TCM important for achieving universal access to health care: official

20:16, November 01, 2010      

Email | Print | Subscribe | Comments | Forum 

China needs to continue developing traditional Chinese medicine (TCM) to help achieve universal access to health care, said Wang Guoqiang, director of the State Administration of TCM, here on Monday.

China must take its own path to reach the goal as the government and public still face difficulties in paying high medical bills, said Wang when addressing an annual conference of China Association for Science and Technology.

China's medical expenditure in 2008 was 100 times higher than that in 1980, said Wang, also vice minister of health.

Tapping the potential of independent innovations of indigenous medicines will also lead to new growth areas in the economy and development of the biomedical industry, said Wang Guoqiang.

The official said TCM will enhance China's soft power and expand the country's influence abroad.

TCM is popular among Chinese citizens. Eighty-eight percent of people have received TCM treatment and 53 percent view it or the combination of it and western medicine as their first choice in case of illness, Wang cited a survey as saying.

Traditional Chinese medicines are mostly mixtures of a number of ingredients or medical plants such as herbs, which makes them much more difficult to explain and analyze in a quantitative sense than western drugs.

Chinese TCM exports were valued at 1.46 billion U.S. dollars last year.

Source: Xinhua

(Editor:燕勐)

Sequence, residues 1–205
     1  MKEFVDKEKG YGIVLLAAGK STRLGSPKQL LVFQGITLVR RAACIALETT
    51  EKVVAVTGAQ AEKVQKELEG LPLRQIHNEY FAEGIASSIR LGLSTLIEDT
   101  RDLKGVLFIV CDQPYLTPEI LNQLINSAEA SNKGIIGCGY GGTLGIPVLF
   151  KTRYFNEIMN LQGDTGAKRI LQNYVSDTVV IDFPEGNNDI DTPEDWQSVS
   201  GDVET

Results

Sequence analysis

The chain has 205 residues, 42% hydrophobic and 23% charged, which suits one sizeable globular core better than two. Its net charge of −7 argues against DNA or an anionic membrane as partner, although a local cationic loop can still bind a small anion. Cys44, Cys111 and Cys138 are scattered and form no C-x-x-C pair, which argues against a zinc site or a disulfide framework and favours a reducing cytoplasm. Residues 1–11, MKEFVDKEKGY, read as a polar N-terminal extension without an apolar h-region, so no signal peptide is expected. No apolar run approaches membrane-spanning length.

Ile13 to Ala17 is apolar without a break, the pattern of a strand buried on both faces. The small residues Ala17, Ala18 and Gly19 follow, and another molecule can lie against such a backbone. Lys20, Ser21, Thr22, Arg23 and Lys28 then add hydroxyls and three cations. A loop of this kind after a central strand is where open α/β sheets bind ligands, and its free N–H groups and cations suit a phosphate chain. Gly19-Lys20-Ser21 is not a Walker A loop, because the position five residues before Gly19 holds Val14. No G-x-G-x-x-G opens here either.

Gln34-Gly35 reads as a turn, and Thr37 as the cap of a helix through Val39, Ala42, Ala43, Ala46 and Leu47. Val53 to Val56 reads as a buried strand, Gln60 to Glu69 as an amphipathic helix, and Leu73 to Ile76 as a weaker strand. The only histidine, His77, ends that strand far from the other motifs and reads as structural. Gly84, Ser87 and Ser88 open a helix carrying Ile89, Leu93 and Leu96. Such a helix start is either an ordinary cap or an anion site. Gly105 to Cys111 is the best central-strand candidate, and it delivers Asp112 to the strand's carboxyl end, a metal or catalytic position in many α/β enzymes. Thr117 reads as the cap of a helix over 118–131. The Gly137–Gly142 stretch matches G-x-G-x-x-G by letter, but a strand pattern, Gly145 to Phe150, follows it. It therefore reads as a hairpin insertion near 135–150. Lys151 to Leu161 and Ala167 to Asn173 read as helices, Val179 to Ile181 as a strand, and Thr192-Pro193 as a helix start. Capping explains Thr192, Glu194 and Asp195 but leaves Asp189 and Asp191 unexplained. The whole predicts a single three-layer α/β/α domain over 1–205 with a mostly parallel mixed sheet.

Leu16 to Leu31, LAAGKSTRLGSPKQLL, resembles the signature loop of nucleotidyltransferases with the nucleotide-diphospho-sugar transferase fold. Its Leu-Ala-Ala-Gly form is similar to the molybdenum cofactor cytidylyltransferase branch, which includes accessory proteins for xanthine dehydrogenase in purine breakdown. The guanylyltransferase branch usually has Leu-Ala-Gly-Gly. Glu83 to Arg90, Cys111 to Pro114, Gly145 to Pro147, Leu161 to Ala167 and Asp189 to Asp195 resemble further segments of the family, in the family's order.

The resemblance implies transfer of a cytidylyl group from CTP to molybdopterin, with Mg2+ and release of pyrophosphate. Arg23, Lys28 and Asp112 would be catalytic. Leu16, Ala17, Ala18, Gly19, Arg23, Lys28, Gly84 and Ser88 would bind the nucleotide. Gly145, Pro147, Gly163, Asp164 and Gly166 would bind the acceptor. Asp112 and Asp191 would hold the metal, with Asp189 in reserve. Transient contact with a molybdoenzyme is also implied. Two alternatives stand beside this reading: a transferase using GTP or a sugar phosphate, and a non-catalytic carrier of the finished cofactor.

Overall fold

• Do you have anything to say?

双语词典
dictionary

  
Special Coverage
  • Premier Wen Jiabao visits Hungary, Britain, Germany
  • From drought to floods
Major headlines
Editor's Pick
  • Chinese Navy soldiers hold an evening party marking the upcoming 62nd National Day aboard Chinese Navy hospital ship "Peace Ark" in the Pacific on Sept. 28, 2011. The Chinese National Day falls on Oct. 1. (Xinhua/Zha Chunming)
  • Photo taken on Sept. 30, 2011 shows the crowd at the plaza of Beijing Railway Station in Beijing, capital of China. The railway transportation witnessed a travel peak with the approach of the seven-day National Day holidays on Friday. (Xinhua)
  • A man wearing high-heel shoes takes part in the 3rd annual Walk a Mile in Her Shoes, an event when men literally walk in women's shoes to raise awareness about ending violence against women, at Yonge-Dundas Square in Toronto, Canada, Sept. 29, 2011. (Xinhua/Zou Zheng)
  • Photo taken on Sept. 29, 2011 shows a cargo ship in danger on the sea near Zhuhai City, south China's Guangdong Province. Cargo ship Fangzhou 6 of Qingzhou of southwest China's Guangxi Zhuang Autonomous Region lost control after water stormed into its cabin due to Typhoon Nesat on the sea near Zhuhai Thursday, leaving 12 crew members in danger. Rescuers rushed to the ship and saved them by using a helicopter. (Xinhua)
  • Actress Gong Li poses for L'Officiel Magazine. (Xinhua Photo)
  • Demonstrators from the Occupy Wall Street campaign hold placards as they march in the financial district of New York September 29, 2011. After hundreds of protesters were denied access to some areas outside the New York Stock Exchange on September 17, demonstrators set up a rag-tag camp three blocks away. Zuccotti Park is a campground festooned with placards and anti-Wall Street slogans. The group is adding complaints of excessive police force against protesters and police treatment of ethnic minorities and Muslims to its grievances list, which includes bank bailouts, foreclosures and high unemployment. (Xinhua/Reuters Photo)
Hot Forum Discussion